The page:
AFP illegally accessed journalist’s phone records under new metadata laws

The Australian Federal Police has admitted a member of its staff illegally accessed and viewed a journalist’s phone records as part of an investigation.

A statement from the AFP said in the process of an investigation, a member of the AFP accessed the call charge records and telecommunications data of a journalist without a Journalist Information Warrant, which is required by the Telecommunications (Interceptions and Access) Act 1979.

AFP commissioner Andrew Colvin said the breach was uncovered as part of a routine review of the case by a senior officer, after which an independent internal review was launched.

“Once the breach was confirmed, immediate steps were taken to mitigate the effects of the breach and to ensure this was an isolated incident. All relevant records in the AFP’s possession were destroyed and no investigative activities were undertaken as a result of the telecommunications data obtained from the journalist’s records,” Colvin said in a statement.

The commissioner said this was the first instance the AFP had required a Journalist Information Warrant under the legislation and the processes in place “were found to be lacking”.

The investigation, he said, related to the leak of confidential police information to a journalist, but he stressed the journalist was not the subject of the investigation itself.

“It is important to note that this investigation did not relate to the conduct or action of a journalist and was not about targeting a particular journalist. The journalist is not the subject of this investigation, nor are they being investigated for any alleged breach of Commonwealth law,” he said.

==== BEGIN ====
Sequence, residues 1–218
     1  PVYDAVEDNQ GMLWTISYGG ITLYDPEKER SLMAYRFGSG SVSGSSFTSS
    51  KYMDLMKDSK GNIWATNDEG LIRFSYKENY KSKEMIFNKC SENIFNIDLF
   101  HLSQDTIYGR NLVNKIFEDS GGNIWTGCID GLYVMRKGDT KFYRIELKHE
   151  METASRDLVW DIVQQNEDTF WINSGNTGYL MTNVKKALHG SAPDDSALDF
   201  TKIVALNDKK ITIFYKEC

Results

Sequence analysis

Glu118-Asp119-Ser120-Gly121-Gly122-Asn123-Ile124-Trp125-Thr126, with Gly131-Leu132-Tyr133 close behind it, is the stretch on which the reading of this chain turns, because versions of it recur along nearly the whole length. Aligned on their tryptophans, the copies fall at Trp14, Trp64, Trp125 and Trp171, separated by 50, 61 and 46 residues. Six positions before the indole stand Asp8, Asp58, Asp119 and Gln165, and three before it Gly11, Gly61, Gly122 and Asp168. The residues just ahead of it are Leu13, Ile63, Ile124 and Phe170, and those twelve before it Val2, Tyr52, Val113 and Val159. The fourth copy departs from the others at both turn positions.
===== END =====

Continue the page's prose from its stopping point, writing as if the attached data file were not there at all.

When pushed by the media yesterday at a press conference about whether the journalist had the right to know their data had been illegally accessed, Colvin said at this stage it had to remain confidential.

“Look, I think that’s a fair question. As I said, once the investigation’s finished, we’ll have to consider that. What I’m doing today is trying to be as open and transparent about it as I can. I don’t think there can be any question that we’re not trying to be held to be account for it. But while the investigation’s ongoing, it is a serious matter, we’re just not – we’re not in a position to do that,” he said.

Despite assurances that the breach was a result of human error – and that internal processes have been reviewed to ensure a similar incident “should never happen again” – Colvin did concede the illegally obtained information could not be unseen.

Addressing media yesterday he admitted: “Yea, look, clearly they can’t unsee it and they’ll need to consider in terms of next steps of the investigation what weight they put on what they saw, but the material was accessed illegally, so it can bear no – it can have no bearing on the conduct of the investigation. If, in the judgement of the investigators, that information may afford evidence at some point later, that there’s a different process that we’re going to have to go through.”

A full audit of the breach by the Commonwealth Ombudsman will commence on Friday 5 May, but the Media, Entertainment and Arts Alliance (MEAA) – the union which represents journalists – slammed the AFP and said the breach had implications for press freedom, confidential sources and the rights of journalists.